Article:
The opportunity of a lifetime is what some might call the chance Brian Vickers has secured for the 2003 NASCAR Busch Series season and he has full intentions of making the best of the opportunity he has been presented. The Thomasville, N.C., native is competing for one of NASCAR's premier organizations in Hendrick Motorsports.

For the first time in his Busch Series career, Vickers will be behind the wheel for a full season as driver of the No. 5 GMAC Financial Services Chevrolet Monte Carlo. Prior to joining Hendrick Motorsports, Vickers ran a limited schedule during the last two seasons.

"It's a dream come true for me to be a part of the Hendrick organization," Vickers said. "For the longest time I've wanted to pursue a career in NASCAR and I've been able to accomplish that with some success during the past two seasons, but now things have been taken to an all-new level by joining Hendrick Motorsports."

Look around the Hendrick Motorsports complex and it's easy to understand the commitment to winning -- and winning is something Hendrick Motorsports and Vickers have in common. Despite being just 19 years old; one year removed from high school and the youngest full-time competitor in the Busch Series -- Vickers has already assembled a diverse and distinguished trophy case.

His track record dates back to 1994 when he was just 10 years old. That's when he began racing go-karts and achieving a considerable amount of success. Before graduating to the Allison Legacy Cars Series in 1998, Vickers left go-karts a three-time national champion and accumulated 83 career victories.

"My love of racing developed early, but it wasn't until I grew older that I really began to give any consideration to racing as a career," Vickers said. "My parents and I spent much of our time at the races and I missed out on a lot of things growing up, but looking back I don't regret any of it because I love what I'm doing now."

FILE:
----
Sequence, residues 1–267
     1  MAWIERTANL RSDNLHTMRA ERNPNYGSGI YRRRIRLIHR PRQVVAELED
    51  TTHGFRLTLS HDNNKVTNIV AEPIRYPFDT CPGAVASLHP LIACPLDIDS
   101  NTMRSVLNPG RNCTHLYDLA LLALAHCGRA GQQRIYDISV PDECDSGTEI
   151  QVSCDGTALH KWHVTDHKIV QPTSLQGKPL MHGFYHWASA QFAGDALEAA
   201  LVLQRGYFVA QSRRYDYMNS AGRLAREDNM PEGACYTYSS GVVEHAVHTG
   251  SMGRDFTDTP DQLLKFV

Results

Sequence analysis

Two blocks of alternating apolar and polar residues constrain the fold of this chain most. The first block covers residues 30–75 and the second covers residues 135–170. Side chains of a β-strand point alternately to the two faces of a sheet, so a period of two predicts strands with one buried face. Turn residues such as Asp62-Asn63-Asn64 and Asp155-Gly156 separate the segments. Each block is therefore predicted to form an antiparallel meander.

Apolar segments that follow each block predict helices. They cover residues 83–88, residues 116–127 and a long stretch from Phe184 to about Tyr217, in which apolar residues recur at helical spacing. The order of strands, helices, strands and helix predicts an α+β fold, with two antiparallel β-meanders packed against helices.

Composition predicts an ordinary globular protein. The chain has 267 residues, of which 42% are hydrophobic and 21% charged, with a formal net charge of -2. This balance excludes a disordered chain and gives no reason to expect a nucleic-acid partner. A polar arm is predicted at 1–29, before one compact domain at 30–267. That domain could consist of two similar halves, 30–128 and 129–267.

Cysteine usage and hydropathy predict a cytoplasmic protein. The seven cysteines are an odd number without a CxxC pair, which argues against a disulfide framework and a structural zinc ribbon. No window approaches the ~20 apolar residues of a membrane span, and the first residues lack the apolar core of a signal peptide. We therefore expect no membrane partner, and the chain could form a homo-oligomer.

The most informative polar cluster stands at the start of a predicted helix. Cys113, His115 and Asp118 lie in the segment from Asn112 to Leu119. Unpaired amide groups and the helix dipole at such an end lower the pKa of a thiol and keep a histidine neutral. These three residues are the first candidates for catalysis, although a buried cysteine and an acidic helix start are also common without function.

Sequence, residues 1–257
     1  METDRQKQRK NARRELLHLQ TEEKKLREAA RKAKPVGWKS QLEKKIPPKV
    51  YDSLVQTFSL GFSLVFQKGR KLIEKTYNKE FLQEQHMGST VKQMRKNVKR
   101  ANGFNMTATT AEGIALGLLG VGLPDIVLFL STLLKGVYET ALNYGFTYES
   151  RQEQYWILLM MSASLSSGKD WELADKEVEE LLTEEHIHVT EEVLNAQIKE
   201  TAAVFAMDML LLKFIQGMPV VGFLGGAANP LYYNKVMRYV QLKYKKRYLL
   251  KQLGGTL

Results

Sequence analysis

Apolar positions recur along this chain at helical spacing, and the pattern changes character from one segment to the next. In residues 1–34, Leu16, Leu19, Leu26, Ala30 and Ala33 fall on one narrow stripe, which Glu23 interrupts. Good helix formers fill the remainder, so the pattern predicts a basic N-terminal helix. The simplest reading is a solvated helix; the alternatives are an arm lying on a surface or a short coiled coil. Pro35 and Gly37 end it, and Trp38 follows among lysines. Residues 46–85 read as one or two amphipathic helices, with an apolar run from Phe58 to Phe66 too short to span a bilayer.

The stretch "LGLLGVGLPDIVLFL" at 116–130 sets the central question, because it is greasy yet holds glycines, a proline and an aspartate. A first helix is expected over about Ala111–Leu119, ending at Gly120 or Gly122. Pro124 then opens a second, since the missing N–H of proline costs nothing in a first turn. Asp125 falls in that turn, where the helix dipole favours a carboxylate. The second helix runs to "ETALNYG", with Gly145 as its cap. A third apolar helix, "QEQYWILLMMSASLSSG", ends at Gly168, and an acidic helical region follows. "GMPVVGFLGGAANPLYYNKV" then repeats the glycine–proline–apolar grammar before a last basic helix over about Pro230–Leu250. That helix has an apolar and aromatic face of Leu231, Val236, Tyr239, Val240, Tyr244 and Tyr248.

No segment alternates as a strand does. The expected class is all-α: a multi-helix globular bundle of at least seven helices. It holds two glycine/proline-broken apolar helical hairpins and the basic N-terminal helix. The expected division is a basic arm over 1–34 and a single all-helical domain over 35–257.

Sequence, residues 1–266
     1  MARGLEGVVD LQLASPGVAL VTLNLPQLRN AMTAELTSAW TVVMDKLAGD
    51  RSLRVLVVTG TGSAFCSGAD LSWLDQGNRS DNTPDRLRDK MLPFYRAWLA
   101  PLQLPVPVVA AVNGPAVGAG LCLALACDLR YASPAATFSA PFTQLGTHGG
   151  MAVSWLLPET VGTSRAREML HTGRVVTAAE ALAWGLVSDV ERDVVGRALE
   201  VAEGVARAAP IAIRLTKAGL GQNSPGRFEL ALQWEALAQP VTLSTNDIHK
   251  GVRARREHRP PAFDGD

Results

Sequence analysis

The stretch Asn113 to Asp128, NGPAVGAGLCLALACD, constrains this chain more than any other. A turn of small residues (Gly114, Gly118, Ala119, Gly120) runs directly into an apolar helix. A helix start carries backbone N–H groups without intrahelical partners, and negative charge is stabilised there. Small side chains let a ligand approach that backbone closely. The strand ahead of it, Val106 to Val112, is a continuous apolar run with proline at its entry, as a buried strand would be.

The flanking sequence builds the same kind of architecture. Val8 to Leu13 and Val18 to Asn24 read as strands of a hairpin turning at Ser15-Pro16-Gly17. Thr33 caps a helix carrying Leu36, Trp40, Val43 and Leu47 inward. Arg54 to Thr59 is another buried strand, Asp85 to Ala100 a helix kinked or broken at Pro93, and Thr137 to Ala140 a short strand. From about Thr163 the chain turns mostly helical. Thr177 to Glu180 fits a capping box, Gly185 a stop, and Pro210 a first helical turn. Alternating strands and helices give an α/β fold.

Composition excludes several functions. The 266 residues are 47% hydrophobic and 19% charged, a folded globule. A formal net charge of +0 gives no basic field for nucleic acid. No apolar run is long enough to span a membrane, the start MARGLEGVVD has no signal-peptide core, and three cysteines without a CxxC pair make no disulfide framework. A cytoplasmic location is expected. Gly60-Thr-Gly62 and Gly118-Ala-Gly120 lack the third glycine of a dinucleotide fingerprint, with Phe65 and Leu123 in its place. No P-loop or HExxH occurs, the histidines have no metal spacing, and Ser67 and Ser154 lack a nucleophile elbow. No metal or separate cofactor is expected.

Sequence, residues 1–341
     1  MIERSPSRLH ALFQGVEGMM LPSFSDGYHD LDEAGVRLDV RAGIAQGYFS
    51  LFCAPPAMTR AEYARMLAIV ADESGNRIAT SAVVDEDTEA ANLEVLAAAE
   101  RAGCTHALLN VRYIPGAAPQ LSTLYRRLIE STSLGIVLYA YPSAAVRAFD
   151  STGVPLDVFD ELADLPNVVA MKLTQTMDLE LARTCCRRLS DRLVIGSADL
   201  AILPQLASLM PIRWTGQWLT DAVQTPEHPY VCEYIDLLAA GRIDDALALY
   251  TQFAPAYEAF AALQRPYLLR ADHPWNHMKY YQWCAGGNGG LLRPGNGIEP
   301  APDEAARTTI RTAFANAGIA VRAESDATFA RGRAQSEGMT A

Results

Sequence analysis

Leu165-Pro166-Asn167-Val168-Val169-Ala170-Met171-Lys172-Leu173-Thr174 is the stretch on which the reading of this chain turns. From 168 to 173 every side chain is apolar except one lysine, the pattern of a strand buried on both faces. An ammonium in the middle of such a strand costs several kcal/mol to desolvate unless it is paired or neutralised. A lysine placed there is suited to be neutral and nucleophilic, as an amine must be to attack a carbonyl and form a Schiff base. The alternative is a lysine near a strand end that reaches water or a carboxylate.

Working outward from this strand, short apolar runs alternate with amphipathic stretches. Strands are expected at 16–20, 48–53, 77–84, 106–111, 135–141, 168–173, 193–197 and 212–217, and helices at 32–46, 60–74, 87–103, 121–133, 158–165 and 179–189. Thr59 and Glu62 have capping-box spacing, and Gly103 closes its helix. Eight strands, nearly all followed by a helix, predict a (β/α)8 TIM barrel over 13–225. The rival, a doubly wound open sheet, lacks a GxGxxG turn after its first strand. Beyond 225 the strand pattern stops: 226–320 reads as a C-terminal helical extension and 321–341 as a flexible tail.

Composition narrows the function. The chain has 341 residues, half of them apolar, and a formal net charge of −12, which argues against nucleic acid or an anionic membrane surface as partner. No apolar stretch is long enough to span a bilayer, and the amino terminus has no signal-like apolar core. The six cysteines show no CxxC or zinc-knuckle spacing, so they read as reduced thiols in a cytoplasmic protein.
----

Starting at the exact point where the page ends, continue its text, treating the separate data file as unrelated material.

The awards continued to pile up as Vickers progressed through the ranks. While in the Allison Legacy Cars Series, he captured five wins in just one season before advancing to NASCAR's Weekly Racing Series where the level of competition increased significantly as he began to race competitors much older and more experienced. Those two factors did not prove to be a problem and the 16-year-old continued to turn heads. By the end of the 1999 season he had won six Late Model races and captured 11 pole awards.

"Every race was a learning experience and I did the best job I could to absorb as much information as possible from other racers and the people around me," Vickers explained. "I was only 16, but my age really didn't seem to matter to the other competitors. To them I was just another driver."

Vickers was hardly just another driver. In 1999, Motorsports Magazine voted him as the "Rising Star of the Year" and in 2000 he joined the highly competitive USAR ProCup Series, walking away from his rookie season with plenty of accolades. During his first tenure in ProCup, Vickers won two races and became the youngest winner in series history, taking home "Rookie of the Year" honors at the banquet.

In 2001, Vickers once again captured two ProCup wins and finished second in the point standings. Vickers made his Busch Series debut in July 2001 at The Milwaukee Mile. An early race accident took him out of the event after just 54 laps, but Vickers did manage to compete in three more Busch Series races during the 2001 season before moving on to complete a partial schedule of 21 events during the 2002 season with a family-owned team. His best career result came at Richmond (Va.) International Raceway, finishing seventh after starting 38th.

"I learned a lot during the 2002 season," Vickers' said. "We progressed every race and toward the end of the season we really started to click and were able to put together some strong runs. Finishing the season in the manner I did makes me hungry for 2003."

Even though 2003 is Vickers first full season in the Busch Series, he joins an established team with a crew chief who knows what it's like to work with young drivers. Lance McGrew worked with Ricky Hendrick when he first joined the NASCAR Craftsman Truck Series in 2000 and followed him to the Busch Series two years later.

"I realize I have a lot more to learn about racing in addition to what I've already tucked away," Vickers said. "I want to go out, complete every lap I can and chase some really good finishes, maybe even win a race or two this year. I feel we've got the equipment and team in place to accomplish some good things."

If the track records of Brian Vickers and Hendrick Motorsports are any indication, 2003 may be very rewarding for everyone involved.